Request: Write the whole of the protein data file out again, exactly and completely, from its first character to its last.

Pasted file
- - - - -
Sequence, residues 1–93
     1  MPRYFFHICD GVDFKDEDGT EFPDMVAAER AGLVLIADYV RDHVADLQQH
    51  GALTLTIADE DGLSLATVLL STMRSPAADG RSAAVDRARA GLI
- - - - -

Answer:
Sequence, residues 1–93
     1  MPRYFFHICD GVDFKDEDGT EFPDMVAAER AGLVLIADYV RDHVADLQQH
    51  GALTLTIADE DGLSLATVLL STMRSPAADG RSAAVDRARA GLI